Looking for trees that can handle our harsh environment while providing spectacular fall foliage?
Now’s a great time to plant any of the following cold-hardy trees, for summer shade, year-round interest and lots of fall color!
You’ve seen them and loved them in national forests throughout the Rockies. In fact, the quaking aspen is the most widely distributed tree in North America, being found from Canada to central Mexico.
Because of its white bark, this tall, somewhat pyramidal tree is sometimes mistaken for birch. The aspen’s heart-shaped leaves are dark green on top, with a light green underside. But in the fall they turn an incredibly clear yellow color. (Although native stands can sometimes exhibit orange and even pockets of red.)
One of the most endearing features of the quaking aspen is the soft, rain-like sound make by its leaves fluttering back and forth in the breeze. It’s inspired many a poet.
These trees require full sun, but are highly tolerant of soil types. Preferring altitudes of at least 5,000 feet, they’re perfect for the Jackson area,
“From the upper branches of the cottonwood trees overhead — whose shimmering, tremulous leaves are hardly ever quiet, but if the wind stirs at all, rustle and quiver and sigh all day long.”
– Theodore Roosevelt, Ranch Life and the Hunting Trail
Our 26th president penned those words in 1896 to describe the distinctive sound of wind rustling through the cottonwood leaves. It’s said to mimic the sound of the seashore. Take a listen:
Of course, the cottonwood is our state tree, and there are several species native to this region. But the most popular is probably the plains cottonwood.
This fast-growing cottonwood is resilient to temperature extremes, offers wide-spreading summertime shade, and turns a nice golden-yellow in the fall.
The hardy plains cottonwood thrives in Zone 4 and to elevations of 7,000 feet. It’s the largest broadleaf tree in the state, and it was the only significant tree to the early Native American inhabitants. Though often considered to be “short-lived,” plains cottonwood trees have been known to reach an age well over one hundred years.
If you dread the mess left by the tree’s cottony seeds, you can opt for a “cottonless” cottonwood (which is actually the male plant). These trees are drought-resistant and grow to 80 feet when mature and, like their cottony cousins, their fall foliage is golden yellow.
During the winter, it’s important to keep newly planted trees moist, if at all possible. According to the University of Wyoming Extension Service:
“Trees will survive Wyoming winters much better if their root systems are kept moist during the cold months. If the ground is frozen, do not water because it cannot penetrate the soil; however, if the area is dry and there is no snow cover, it would be beneficial to get out the hose.”
There are actually several variety of maple trees that thrive in our area. But if you’re looking for a bright spot of red this fall, you can’t go wrong with the ornamental amur maple.
This tree is particularly well suited for smaller landscapes, as its mature height is only about 20 feet.
Cold hardy to Zone 2, this low-maintenance maple is fast growing. It’s leaves turn brilliant orange to fiery red in the in the fall. The amur maple can tolerate a wide variety of soils, and is moderately drought tolerant.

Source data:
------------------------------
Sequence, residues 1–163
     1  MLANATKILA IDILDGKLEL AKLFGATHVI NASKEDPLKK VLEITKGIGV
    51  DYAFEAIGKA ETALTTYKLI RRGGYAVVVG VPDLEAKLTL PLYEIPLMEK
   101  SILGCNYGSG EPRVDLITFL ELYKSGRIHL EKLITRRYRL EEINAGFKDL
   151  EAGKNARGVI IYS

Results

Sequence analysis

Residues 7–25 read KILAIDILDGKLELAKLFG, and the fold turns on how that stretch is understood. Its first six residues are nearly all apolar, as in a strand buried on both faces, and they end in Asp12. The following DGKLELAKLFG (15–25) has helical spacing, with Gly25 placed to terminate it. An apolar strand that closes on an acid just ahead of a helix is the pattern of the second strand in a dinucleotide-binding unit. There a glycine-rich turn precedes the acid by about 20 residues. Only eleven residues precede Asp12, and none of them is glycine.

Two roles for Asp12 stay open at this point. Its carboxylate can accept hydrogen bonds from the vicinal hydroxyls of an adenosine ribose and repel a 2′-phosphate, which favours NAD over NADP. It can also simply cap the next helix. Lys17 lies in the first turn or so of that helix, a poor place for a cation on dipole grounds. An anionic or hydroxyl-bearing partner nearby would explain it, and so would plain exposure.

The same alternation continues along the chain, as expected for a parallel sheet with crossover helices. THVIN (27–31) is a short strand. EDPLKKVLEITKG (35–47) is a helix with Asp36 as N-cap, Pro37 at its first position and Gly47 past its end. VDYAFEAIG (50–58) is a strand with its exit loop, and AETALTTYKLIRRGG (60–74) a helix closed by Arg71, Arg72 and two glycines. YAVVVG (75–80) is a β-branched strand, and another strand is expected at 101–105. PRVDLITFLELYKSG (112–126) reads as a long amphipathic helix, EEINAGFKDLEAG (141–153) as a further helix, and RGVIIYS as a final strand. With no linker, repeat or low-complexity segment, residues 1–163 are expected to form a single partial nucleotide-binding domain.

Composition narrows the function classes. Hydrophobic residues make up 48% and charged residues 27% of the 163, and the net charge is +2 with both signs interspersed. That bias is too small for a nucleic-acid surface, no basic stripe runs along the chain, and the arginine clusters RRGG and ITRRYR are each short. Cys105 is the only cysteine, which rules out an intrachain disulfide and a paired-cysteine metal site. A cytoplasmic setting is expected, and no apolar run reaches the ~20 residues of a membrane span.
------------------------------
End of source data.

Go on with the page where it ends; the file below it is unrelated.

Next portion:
If your soil is extremely dry, the tatarian maple is even more drought-resistant.
Like the amurs, these trees are also considered ornamentals, growing to only about 20 feet tall. In the summer they produce eye-catching, red, winged fruit (called samaras). Then their green leaves turn spectacular yellow and red in the fall, making them an ideal addition to a small landscape.
These little maples tolerate various soil conditions and partial shade. (They’re also a good investment– tatarian maples can live 150 years.)
As you may have guessed, the Rocky Mountain maple is also an excellent choice. About 10 feet taller than the amur or tatarian when fully mature, the Rocky Mountain maple thrives at higher elevations (up to 8,500 feet).
In the summer, this maple produces shiny, dark green leaves with paler or whitish undersides. Its fall foliage ranges from yellow to yellowish-orange to crimson. The tree is highly tolerant of sandy, gravelly and rocky soil.
There are really only two species of oak that thrive in our neck of the woods: Bur oak and gamble oak. Of these, the gambel oak provides the more attractive fall color.
Also known as the Rocky Mountain white oak and scrub oak, the gambel oak is cold hardy to Zone 3 and to elevations of 8,000 feet. These trees turn orange and yellow in the fall, creating mountainsides of vivid colors. Tree height varies significantly from one location to another, but the average height at full maturity is 15 to 30 feet.
If your landscape is a wildlife habitat, you’ll want to include the gambel oak. Its small, sweet acorns are eaten by large and small mammals and birds, and its foliage is attractive to both deer and elk.
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“The best friend on earth of man is the tree: when we use the tree respectfully and economically we have one of the greatest resources of the earth.”
– Frank Lloyd Wright